COP24 panel on need to prioritise energy efficiency in Africa
On Tuesday, the second day of the UN climate change conference (COP24) the African Development Bank held a session on energy efficiency in Africa in its Pavilion, where panellists reflected on the lessons of the many energy-efficiency initiatives that have emerged in Africa.
Funding, regulation and awareness
The first observation was that the African energy-efficiency market is in great need of funding and technical support, including in terms of institutional strengthening, development of dedicated policies and reinforcement of skills. These needs have been flagged for quality analysis and research to better define the market.
Several panellists highlighted the sector's financing needs. Al-Hamndou Dorsouma, Climate and Green Growth Manager at the Bank, emphasised the multisectoral dimension of energy efficiency in the African context, noting that energy efficiency in Africa does not depend solely on funding. Upstream, there is a need to establish a stable, enabling environment for the development of energy efficiency. Thereafter arises the need to build the technical capacity of all relevant actors and stakeholders. Then comes the needs of the market that requires greater regulation, communication and awareness raising to 'awaken' collective consciousness on the importance of energy efficiency in African countries, with a view to identify energy that is efficient, sustainable and less expensive. "If these three conditions are met, it will be easy to mobilise funding and project implementation will be more effective," he emphasised.
Risks and transition
Energy efficiency is also a key issue in the fight against climate change because of the need to implement a transition that is as 'fair' and 'equitable' as possible, by balancing all options.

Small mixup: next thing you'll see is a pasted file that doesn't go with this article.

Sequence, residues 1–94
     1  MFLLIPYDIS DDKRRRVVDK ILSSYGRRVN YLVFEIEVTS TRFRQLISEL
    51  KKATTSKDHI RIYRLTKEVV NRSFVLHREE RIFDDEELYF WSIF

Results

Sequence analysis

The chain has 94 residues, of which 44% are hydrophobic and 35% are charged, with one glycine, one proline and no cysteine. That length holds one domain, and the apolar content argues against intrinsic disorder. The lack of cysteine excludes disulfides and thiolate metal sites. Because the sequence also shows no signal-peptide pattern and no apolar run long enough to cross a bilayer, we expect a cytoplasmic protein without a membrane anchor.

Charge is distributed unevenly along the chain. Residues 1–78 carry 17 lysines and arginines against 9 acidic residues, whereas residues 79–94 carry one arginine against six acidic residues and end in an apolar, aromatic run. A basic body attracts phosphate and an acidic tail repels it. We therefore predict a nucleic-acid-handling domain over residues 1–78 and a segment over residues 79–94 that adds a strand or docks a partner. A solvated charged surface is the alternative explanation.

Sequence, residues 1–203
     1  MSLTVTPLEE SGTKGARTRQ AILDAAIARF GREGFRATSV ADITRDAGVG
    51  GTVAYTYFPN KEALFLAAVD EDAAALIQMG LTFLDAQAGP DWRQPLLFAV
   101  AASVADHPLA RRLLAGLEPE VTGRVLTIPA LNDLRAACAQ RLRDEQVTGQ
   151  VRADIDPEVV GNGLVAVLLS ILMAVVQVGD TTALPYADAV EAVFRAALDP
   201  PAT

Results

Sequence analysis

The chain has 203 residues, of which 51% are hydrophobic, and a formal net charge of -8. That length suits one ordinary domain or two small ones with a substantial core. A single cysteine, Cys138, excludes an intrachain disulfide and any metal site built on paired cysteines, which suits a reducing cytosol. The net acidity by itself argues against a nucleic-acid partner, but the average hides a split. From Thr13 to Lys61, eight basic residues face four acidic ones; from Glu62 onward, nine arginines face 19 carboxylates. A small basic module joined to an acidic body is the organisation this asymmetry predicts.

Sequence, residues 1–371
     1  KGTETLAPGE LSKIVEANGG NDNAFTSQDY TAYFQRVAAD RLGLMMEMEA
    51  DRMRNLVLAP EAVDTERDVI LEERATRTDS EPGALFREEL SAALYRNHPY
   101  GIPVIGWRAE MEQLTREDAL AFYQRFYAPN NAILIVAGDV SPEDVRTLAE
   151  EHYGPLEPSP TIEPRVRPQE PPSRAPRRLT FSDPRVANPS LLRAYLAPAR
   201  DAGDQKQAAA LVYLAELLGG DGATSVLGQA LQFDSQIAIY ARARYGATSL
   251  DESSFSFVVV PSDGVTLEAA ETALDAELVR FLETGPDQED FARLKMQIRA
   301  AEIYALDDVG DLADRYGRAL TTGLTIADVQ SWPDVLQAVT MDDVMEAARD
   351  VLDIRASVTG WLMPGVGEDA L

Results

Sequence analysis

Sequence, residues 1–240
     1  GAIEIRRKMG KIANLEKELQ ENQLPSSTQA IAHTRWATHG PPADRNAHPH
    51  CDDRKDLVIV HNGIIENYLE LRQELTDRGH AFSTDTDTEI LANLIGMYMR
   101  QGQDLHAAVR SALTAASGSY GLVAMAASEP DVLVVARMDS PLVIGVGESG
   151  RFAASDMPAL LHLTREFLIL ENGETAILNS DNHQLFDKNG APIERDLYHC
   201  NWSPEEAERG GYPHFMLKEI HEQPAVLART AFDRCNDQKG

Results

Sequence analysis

Green energy sector is certainly a promising market to explore.
It is however important to note that In Africa, 60% of the population has no access to electricity. Therefore, green energy sector is not yet a priority in Africa, due to the many other constraints and economic, human and social development priorities. lack of financial resources and political will are preponderant issues to contend with.
Energy-efficiency projects are so difficult to implement in Africa because of the sum of all these factors. This is a contingency that really is not conducive to the growth and stability of a market which remains promising – natural resources abound in Africa – be it energy efficiency or the definitive transition to renewables.
In Madagascar, for instance, the new energy policy established in 2015 has not yet been effectively implemented.
However, in some countries such as Morocco and especially Tunisia, energy efficiency is a priority and they have created an enabling environment by defining clear policies and establishing appropriate institutional frameworks. Even so, as with any change, energy transition is something that is traded and that is why energy efficiency is viewed as a profitable commitment for the countries concerned, particularly the most industrialized and those that produce oil or are dependent on fossil fuels.
Despite its potential and opportunities, the energy-efficiency market involves risk, especially for the private sector. This point was made by Mark Radka, of the United Nations Environment Programme (UNEP). "Donors see the energy-efficiency market as a risk sector and they do not want to inject money into it in too great a quantity or at too high a speed."
Financial institutions represented at the session called for more facilities and financial support from commercial banks in particular. The private sector certainly does have an important role to play in the promotion of energy efficiency.
In a study conducted in Africa by the Climate Technology Center and Network (CTCN), the operational arm of the UNFCCC Technology Mechanism, which was invited to the panel, energy efficiency was top on the list of needs expressed (33.3%), ahead of the other priority areas of agriculture and forestry.
Energy efficiency is a key sector, in a position to help the African continent to deal with the effects of climate change, because it makes it possible to implement both adaptation and mitigation mechanisms. These are needed by the African continent, home to many of the countries most vulnerable to climate change.